Latent Effects from Low Salinity Stress and the Interactive Influence of Temperature and Salinity on Larval and Juvenile Growth in the Marine Gastropod Crepidula Fornicata.
Bashevkin, Samuel M.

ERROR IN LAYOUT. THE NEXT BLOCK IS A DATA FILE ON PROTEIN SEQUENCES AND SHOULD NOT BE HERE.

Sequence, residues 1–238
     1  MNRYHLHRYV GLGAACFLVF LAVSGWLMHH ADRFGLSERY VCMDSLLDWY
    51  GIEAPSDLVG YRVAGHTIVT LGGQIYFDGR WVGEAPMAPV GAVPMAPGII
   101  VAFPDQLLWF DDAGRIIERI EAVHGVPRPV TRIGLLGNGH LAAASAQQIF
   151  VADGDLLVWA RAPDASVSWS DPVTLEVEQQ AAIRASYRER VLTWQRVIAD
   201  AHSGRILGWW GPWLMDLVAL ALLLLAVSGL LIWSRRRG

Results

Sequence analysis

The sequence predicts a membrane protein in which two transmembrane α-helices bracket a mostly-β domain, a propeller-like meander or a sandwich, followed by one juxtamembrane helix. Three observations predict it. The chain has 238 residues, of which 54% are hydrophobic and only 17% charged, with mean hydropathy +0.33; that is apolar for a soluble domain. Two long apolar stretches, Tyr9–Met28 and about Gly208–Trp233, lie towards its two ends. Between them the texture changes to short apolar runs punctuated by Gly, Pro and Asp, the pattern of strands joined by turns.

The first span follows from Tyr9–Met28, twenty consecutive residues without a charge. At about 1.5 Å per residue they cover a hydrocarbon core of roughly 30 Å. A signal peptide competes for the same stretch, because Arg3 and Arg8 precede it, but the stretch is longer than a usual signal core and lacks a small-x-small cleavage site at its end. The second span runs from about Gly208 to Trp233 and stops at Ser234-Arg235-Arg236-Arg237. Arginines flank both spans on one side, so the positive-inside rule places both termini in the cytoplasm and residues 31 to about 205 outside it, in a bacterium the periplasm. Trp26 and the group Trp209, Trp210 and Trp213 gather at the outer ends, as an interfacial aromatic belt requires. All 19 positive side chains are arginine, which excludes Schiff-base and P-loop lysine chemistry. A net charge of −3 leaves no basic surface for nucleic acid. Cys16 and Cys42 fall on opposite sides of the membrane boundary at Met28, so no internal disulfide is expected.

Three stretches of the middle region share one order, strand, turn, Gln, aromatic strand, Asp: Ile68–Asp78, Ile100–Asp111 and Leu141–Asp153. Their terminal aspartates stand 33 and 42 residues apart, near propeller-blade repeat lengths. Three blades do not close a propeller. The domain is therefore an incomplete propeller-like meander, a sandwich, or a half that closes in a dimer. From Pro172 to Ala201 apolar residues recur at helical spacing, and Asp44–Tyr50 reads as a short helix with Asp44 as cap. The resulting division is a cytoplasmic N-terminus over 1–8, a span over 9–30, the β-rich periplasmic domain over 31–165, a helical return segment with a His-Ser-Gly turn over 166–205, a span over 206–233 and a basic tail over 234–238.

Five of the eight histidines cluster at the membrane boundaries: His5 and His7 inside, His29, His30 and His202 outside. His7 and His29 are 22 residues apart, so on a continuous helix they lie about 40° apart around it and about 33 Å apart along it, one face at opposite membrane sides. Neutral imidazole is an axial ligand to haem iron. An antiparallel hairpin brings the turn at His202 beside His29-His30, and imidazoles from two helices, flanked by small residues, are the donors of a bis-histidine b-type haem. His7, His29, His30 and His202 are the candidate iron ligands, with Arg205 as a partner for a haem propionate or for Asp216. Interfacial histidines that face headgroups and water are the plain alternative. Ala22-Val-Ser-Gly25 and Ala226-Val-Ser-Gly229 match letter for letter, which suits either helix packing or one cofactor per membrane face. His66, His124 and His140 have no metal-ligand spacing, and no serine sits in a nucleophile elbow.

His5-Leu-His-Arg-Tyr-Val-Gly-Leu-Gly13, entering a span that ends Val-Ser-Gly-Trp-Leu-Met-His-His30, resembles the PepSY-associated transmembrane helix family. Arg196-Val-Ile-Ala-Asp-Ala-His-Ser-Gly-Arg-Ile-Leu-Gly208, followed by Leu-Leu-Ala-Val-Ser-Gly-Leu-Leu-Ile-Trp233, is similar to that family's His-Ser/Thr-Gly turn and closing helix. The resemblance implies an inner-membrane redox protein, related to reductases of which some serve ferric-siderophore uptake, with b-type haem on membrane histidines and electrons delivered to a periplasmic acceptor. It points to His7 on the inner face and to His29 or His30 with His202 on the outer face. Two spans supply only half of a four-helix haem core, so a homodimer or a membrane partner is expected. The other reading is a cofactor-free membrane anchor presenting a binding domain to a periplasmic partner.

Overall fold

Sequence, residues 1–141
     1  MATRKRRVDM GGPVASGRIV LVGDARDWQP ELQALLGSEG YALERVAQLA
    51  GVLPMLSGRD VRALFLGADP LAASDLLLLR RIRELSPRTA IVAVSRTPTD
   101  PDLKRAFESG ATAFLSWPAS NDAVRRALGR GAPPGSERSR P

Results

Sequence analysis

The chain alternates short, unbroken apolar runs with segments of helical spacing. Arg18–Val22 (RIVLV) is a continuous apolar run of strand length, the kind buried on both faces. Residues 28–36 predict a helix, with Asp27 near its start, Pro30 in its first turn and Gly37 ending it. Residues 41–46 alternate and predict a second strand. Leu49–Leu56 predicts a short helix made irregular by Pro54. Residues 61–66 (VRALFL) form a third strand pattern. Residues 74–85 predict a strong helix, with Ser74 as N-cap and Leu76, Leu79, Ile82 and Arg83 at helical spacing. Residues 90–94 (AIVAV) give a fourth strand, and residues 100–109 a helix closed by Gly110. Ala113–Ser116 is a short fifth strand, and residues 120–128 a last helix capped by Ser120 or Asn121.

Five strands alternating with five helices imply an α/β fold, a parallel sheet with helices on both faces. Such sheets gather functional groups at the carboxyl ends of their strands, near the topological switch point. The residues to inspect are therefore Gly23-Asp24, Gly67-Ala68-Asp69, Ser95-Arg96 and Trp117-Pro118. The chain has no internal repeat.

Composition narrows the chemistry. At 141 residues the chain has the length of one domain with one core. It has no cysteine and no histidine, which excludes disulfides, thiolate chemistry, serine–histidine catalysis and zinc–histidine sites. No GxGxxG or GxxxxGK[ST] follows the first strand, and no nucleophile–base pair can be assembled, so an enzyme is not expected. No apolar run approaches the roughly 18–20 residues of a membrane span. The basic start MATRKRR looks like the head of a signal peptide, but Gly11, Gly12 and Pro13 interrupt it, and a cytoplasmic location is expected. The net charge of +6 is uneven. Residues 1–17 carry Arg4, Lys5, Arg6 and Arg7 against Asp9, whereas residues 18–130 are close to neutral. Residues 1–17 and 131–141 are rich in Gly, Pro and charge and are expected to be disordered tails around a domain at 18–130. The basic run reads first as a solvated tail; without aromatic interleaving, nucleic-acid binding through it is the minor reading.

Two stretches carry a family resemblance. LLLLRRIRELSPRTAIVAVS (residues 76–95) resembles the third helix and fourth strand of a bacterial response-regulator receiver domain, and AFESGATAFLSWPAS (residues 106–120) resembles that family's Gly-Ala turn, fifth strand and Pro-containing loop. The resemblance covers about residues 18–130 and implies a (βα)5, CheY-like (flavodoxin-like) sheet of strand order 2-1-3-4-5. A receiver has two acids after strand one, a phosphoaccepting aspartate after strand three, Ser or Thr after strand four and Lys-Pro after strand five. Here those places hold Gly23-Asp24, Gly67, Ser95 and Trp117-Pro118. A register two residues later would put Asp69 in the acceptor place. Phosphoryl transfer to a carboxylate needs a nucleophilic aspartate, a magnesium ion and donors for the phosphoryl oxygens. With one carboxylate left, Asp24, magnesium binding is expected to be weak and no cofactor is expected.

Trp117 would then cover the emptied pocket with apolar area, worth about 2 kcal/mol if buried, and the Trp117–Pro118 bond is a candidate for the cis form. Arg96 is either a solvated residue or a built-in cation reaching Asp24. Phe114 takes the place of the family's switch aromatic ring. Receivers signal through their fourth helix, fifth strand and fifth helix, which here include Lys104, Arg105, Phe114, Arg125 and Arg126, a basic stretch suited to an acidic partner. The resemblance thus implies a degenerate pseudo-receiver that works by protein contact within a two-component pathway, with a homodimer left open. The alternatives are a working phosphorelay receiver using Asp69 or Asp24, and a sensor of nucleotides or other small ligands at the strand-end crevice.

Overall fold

- Abstract: Sea surface temperatures have been rising and are predicted to continue rising in coming years because of global warming. In addition, salinity has been decreasing in high latitudes and is expected to continue decreasing due to altered precipitation patterns and glacial melting caused by climate change. Many marine organisms that are adapted to the present conditions may be drastically ... read moreaffected by these oceanic changes. Early life stages will be especially susceptible, since they do not yet have fully developed adult defenses. In this study, we investigated the effects of reduced salinity (20 psu and 30 psu control) and altered temperature (15, 20, 25, and 29°C) on the growth, percent inorganic content (representing calcification), and feeding rates of juveniles and larvae of the invasive snail Crepidula fornicata. Both larval and juvenile growth rates were significantly depressed by low salinity and elevated by higher temperatures. The salinity that snails were exposed to as larvae significantly impacted juvenile growth rates in 4 out of 6 experiments, an example of latent effects, but the magnitude and direction of this effect depended on temperature and parentage. In addition, juvenile feeding rates were significantly depressed in low salinity but there was little change in percent inorganic content. Larval percent inorganic content at 20°C was 27% lower in 20 than in 30 psu. In conclusion, C. fornicata may experience more favorable conditions in a warmer future: growth rates will increase, probably making juveniles more resistant to predation. However, in regions where salinity is decreasing, C. fornicata juveniles will grow and feed more slowly, thereby increasing predation risk by forcing them to spend more time at more vulnerable smaller sizes. Thus, the future of C. fornicata and their potential to continue invading will depend on the specific salinity and temperature conditions they are exposed to during larval and juvenile development.read less